Arora H, Kaur R. Prevalence of depression in epileptic patients. Delhi Psychiatry J. 2009;12(2):231–3.
Stefanello S, Marín-Léon L, Fernandes PT, Li L, Botega NJ. Depression and anxiety in a community sample with epilepsy in Brazil. Arq Neuropsiquiatr. 2011;69(2-B):342–8.
Pedroso de Souza EA, Salgado PB. A psychosocial view of anxiety and depression in epilepsy. Science Direct. Epilepsy Behav. 2006;8:232–8.
Kwan P, Yu E, Leung H, Leon T, Mychaskiw MA. Association of subjective anxiety, depression and sleep disturbance with quality of life in adults with epilepsy. Eilepsia. 2009;50(5):1059–66.
Yousafzai AR, Yousafzai AW, Taj R. Frequency of depression in epilepsy: a hospital based study. J Ayub Med Coll Abbottabad. 2009;21(2):73–5.
Hamed SA, Metwaly NH, Hassan MM, Mohamed KA, Ahmed MA, Soliman AA, et al. Depression in adults with epilepsy: Relationship to psychobiological variables. World J Neurol. 2012;2(1):1–10.
Marsh L, Rao V. Psychiatric complications in patients with epilepsy: a review. Epilepsy Res. 2002;49:11–33.
Federal Ministry of Health. Health and health related indicators of 2012/2013, Version 2. 2014.
Reda AA. Reliability and validity of the Ethiopian version of the Hospital Anxiety and Depression Scale (HADS) in HIV infected patients. PLoS One. 2011;6(1), e16049.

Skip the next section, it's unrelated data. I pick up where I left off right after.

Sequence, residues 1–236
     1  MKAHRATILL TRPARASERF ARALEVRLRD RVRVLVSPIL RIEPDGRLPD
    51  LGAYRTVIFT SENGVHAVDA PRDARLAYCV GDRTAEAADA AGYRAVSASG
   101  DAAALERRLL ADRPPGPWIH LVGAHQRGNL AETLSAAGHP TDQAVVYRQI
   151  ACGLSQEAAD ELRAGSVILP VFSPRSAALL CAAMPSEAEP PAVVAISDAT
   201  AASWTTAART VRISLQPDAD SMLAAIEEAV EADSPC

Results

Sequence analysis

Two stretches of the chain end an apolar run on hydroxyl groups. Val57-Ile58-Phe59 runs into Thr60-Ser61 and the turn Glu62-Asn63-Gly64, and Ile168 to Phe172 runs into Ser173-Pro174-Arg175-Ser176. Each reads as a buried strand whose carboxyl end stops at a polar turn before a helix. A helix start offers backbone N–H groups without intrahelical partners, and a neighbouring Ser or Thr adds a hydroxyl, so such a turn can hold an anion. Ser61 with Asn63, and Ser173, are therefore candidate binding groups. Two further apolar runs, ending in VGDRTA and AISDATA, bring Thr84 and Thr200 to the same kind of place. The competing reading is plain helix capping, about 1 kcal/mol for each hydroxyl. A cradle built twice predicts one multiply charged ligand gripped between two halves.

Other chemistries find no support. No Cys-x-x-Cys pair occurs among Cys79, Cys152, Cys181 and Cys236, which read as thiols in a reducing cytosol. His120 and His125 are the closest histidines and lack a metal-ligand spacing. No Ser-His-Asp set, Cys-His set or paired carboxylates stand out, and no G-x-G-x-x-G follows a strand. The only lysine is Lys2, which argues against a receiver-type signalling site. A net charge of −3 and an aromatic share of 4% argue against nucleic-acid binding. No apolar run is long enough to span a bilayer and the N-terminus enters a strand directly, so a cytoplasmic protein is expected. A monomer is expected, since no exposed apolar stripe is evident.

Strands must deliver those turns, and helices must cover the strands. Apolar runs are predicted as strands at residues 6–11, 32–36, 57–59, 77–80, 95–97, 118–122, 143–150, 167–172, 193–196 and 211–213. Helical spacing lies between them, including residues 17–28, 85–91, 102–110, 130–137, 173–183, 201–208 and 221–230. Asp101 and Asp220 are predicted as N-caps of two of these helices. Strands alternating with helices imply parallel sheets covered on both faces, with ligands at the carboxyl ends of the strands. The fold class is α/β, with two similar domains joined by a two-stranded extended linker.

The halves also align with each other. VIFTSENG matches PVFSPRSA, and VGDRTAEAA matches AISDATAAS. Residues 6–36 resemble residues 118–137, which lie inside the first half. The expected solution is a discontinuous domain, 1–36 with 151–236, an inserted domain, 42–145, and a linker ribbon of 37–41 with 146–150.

Baskind R, Birbeck GL. Epilepsy-associated stigma in sub-Saharan Africa: the social landscape of a disease. Epilepsy Behav. 2005;7:68–73.
Asadi-Pooya AA, Sperling MR. Depression and anxiety in patients with epilepsy, with or without other chronic disorders. Iran Red Crescent Med J. 2011;13(2):112–6.
Prina AM, Ferri CP, Guerra M, Brayne C, Prince M. Co-occurrence of anxiety and depression amongst older adults in low- and middle-income countries: findings from the 10/66 study. Psychol Med. 2011;41(10):2047–56.
Lemstra M, Neudorf C, D’Arcy C, Kunst A, Warren LM, Bennett NR. A systematic review of depressed mood and anxiety by SES in youth aged 10–15 years. Can J Public Health. 2008;99:125–9.